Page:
In parallel we get to see (mostly through her eyes) the relationship travails of her roommate, who is much more a one-steady-perfect-guy gal, and yet the roommate is never quite happy with her relationship and ends up being on-again off-again a lot. Here the character and the problem is totally different, yet the outcome is the same. Mostly this character (and her beau) are there to provide plot hooks for the lead; the parallels between their situations aren't (that I recall) explored in depth, but instead it just provides resonance as the lead character starts to figure out having a relationship with somebody is never going to be a magic ticket to happiness.

Some people might have trouble finding the lead character sympathetic, since she so consistently makes bad choices. As I said, over the course of the series, she becomes more introspective and aware of the fact she's making bad choices--but she can't help but keep doing it! Personally, I have no trouble empathizing with that. I mean, I'm ok just empathizing with somebody who does stupid things because they can't help it--it might get boring, but that's a separate problem. For me, having her realize it is just character-development gravy.

What is Shigeta like? Here's some sample dialogue.

Shigeta: I'm thinking about becoming a shepherdess.
Coworker: Wh.. what are talking about, Ms. Shigeta?
(She shows a severe expression.)
Coworker: Gasp! That face... are you serious?
Shigeta: But I'll be broke if I quit now.
Shigeta: I wonder how you become a sheperdess?
Coworker: It's probably passed down.
Shigeta (thinking): It doesn't matter anymore... I'll probably never have a boyfriend. I have to give up... I'll just be lonely forever.
Shigeta (thinking): And as I get older, I'm going to grow a beard and a penis and live the rest of my life as a bitter old man...
Coworker: Ms. Shigeta, what's wrong!? Are you crying?
Shigeta: I can't take it anymore! I'm running away to a country where having a boyfriend is illegal and punishable by death!
I had a tough time finding a good picture of her for the comparison at the top, because I started with the central image, and matching it was hard, because that's not an expression Shigeta generally makes. She is in all ways unabashed.

I really, really like this series.

Flowers & Bees

Flowers & Bees is a 7-volume romantic comedy (I guess) about Komatsu, an ugly boy in high school. He thinks he will find true happiness if only he could hook up with hot ladies, but as an ugly, highly unconfident boy, that's not going to happen.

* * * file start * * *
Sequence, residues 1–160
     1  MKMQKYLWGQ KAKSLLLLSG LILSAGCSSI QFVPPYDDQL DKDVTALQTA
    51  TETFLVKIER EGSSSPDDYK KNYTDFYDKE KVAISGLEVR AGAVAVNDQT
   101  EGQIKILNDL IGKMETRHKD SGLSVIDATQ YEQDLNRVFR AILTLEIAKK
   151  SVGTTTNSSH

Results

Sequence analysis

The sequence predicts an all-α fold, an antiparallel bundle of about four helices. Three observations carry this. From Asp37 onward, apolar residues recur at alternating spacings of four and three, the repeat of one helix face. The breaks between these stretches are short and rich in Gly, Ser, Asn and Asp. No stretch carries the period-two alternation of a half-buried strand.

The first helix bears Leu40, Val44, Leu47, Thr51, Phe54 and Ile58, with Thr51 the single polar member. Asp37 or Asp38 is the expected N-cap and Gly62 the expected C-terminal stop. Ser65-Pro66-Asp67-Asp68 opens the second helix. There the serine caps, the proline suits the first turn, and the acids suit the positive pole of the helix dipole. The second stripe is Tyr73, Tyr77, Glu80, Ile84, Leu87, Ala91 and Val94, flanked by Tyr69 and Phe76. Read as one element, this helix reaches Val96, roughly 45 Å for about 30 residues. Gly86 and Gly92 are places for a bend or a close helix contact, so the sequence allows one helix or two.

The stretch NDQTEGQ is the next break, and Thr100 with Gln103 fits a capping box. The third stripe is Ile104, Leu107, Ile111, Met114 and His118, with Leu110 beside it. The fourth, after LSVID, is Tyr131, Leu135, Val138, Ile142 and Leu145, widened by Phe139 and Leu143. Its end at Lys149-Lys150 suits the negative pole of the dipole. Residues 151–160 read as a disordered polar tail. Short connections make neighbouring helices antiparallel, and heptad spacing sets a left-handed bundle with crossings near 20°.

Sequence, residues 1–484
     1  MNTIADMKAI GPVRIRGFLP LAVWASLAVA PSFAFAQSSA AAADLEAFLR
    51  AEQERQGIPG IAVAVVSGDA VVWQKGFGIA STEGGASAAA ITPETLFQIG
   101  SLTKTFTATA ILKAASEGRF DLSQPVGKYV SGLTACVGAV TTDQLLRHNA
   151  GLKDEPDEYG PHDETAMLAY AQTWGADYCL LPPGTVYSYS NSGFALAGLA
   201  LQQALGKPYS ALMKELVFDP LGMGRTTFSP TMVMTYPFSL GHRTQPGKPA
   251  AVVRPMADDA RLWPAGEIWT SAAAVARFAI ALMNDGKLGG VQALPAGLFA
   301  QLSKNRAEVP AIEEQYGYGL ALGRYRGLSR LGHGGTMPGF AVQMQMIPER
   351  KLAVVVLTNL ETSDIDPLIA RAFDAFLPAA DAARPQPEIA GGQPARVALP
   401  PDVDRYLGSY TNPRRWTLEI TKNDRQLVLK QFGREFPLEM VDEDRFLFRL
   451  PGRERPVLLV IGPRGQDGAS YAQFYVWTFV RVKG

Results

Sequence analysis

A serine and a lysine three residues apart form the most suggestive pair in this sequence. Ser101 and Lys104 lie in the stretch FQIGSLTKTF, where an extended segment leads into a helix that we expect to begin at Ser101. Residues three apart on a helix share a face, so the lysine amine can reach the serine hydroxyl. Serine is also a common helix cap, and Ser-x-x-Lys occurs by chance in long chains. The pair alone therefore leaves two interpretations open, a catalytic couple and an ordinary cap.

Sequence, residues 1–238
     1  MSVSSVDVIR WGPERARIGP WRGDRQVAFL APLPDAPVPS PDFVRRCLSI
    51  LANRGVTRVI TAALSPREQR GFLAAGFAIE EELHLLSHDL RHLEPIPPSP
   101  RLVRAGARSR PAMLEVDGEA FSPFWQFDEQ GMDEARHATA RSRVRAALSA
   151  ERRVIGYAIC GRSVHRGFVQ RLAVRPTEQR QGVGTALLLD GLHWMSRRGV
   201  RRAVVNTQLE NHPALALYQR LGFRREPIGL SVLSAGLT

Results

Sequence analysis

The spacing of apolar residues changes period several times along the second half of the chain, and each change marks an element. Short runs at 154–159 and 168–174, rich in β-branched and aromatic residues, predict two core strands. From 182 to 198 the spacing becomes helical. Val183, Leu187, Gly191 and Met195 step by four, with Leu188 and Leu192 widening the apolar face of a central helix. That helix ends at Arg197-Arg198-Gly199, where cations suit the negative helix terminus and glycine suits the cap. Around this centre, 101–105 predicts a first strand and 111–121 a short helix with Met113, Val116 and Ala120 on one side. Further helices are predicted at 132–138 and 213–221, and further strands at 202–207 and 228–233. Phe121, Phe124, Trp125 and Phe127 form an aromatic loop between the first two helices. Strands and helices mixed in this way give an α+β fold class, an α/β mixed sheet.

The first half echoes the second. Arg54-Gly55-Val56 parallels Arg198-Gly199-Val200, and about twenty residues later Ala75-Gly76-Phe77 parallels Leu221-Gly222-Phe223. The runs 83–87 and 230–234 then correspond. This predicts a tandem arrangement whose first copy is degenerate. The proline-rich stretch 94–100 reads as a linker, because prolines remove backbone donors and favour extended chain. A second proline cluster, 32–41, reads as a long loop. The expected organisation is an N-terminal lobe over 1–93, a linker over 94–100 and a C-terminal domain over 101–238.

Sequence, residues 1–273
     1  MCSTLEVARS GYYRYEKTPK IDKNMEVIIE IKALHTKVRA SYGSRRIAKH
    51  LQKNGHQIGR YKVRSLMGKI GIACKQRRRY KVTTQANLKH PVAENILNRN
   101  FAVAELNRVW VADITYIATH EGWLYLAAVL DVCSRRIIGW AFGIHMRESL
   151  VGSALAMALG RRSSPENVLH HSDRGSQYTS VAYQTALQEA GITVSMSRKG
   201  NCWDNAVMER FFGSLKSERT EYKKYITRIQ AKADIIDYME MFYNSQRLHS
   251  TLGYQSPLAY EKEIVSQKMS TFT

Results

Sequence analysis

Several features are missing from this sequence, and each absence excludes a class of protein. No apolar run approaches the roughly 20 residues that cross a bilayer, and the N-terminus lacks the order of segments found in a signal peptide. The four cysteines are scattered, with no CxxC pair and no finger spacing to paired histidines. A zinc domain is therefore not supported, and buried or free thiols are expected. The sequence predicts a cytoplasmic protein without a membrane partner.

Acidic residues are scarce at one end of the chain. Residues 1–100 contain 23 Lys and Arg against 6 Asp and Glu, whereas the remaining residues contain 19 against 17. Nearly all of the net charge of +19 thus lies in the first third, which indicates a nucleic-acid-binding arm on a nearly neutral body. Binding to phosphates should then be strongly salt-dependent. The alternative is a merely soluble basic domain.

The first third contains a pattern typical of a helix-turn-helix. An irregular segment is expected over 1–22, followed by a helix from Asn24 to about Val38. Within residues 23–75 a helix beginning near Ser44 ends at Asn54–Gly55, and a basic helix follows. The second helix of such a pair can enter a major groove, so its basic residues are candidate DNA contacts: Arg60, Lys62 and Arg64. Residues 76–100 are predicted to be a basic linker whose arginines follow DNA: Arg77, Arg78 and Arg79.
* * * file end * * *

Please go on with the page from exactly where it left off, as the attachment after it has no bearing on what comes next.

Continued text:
He sets his sights on a teen model introduced on page 1, but he knows it's hopeless to pursue a girl like that. But then a chance encounter leads him to a men's salon run by several flamingly gay guys who promise to remake him. Over the course of volume 1 his appearance gradually changes to, well, not hot, but at least normal. (About halfway through the volume, the gay guys are replaced by two hot sisters who enslave Komatsu and nominally continue improving him for the rest of the series.) After volume 1 further visual transformations are limited. But it turns out that appearances aren't everything in getting a date and succeeding at relationships; Komatsu has to learn self-confidence and learn how to interact with women so they'll like him, and they pretend to make efforts to teach him such things.

At the same time, on page 4 we meet Sakura (pictured above), a classmate who is undoubtedly equally hot as the teen model Komatsu is interested in (and, of course, it turns out the two know each other). The high school is as clique-y as a western school, divided by attractiveness as much as anything, so Komatsu and his buddy are on the bottom rung, while Sakura lives in a group on top. But she seems strangely detached, and she inexplicably takes a minor interest in Komatsu's self-improvement efforts, constructively criticizing them them in class--initially to the enjoyment of her friends, who think she's making fun of him. They become nicer to each other, and by the middle of the second volume, when she finds herself talking about Komatsu to her boyfriend on a date (and the boyfriend complains about it), it becomes clearly the case that the two are destined to end up together in fine romantic comedy tradition.